The decline hit the residents hard. Gunia Bai Uike of Bod says, “When we had fruits, we had plenty to eat and sell. We were never very rich, but we had no fear of starvation.” In the past 40 years when the forest produce declined steeply, the tribal residents migrated to neighbouring districts of Chhindwada and Seoni for agricultural work. “Now this work is also not easily available because farmers are turning to machines,” says Munshilal Chavan of Pipalbarra.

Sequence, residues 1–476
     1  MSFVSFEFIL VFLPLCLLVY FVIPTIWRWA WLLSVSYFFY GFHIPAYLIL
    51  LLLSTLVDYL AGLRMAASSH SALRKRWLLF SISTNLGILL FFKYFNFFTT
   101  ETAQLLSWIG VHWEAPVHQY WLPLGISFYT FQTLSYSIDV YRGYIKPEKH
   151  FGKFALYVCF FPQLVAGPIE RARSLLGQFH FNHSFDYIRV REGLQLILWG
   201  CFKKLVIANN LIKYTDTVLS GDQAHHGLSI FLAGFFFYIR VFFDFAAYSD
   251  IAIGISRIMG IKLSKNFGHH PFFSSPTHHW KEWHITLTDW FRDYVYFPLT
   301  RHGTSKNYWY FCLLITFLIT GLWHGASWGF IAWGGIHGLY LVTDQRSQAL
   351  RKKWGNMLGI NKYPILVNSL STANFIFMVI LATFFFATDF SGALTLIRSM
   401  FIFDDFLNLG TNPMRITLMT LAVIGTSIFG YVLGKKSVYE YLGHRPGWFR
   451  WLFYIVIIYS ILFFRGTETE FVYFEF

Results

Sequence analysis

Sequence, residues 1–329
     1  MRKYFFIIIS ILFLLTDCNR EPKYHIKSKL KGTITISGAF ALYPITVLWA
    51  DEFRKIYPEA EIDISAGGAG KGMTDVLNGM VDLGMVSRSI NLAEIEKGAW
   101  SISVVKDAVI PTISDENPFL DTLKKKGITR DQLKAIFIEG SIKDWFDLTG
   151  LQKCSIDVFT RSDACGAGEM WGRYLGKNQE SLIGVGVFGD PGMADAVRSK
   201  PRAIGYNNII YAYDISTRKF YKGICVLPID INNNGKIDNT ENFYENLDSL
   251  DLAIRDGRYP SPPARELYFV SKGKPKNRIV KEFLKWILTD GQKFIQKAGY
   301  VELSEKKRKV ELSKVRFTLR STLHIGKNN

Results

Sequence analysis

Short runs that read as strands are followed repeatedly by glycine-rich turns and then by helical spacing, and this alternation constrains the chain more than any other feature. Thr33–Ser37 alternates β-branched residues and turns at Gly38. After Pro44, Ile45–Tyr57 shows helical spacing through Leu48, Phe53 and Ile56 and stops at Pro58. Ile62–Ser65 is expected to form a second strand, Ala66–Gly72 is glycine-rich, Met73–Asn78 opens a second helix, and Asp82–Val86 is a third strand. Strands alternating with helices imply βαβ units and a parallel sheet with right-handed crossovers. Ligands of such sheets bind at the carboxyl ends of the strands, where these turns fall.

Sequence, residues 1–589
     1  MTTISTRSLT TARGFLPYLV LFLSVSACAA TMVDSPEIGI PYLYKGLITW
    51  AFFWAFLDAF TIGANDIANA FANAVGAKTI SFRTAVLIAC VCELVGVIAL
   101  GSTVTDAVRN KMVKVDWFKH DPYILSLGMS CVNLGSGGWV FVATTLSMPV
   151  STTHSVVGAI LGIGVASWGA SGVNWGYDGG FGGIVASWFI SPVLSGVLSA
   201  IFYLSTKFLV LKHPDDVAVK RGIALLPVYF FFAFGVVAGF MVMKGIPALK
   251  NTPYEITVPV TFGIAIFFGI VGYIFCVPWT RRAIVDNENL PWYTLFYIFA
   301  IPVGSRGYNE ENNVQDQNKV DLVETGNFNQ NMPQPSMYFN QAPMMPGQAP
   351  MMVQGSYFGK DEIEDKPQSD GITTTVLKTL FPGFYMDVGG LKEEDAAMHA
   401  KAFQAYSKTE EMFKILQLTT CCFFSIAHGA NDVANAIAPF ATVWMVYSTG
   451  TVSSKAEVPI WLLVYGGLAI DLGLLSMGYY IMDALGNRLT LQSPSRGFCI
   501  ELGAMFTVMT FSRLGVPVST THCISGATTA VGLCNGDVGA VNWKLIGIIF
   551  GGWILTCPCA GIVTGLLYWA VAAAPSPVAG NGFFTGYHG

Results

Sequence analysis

Time for green, not yet

In 2001-02, 100 villages in Betul and Harda came together to restore the forest’s biodiversity through plantation. This endeavour answers many needs, says Anurag Modi of NGO Shramik Adivasi Sanghatan (SAS). “Malnutrition and poverty rates are high in the two districts, and availability of fruits can counter them,” explains Modi. The work being done by the tribals is valuable for forest conservation, considering the state’s past plantation efforts have failed, he adds. This is borne out in a report by the Comptroller and Auditor General (CAG), which says that between 1997 and 2007 the state did not carry out compensatory afforestation in 70 per cent of the projects, while in the rest 30 per cent plantations did not survive.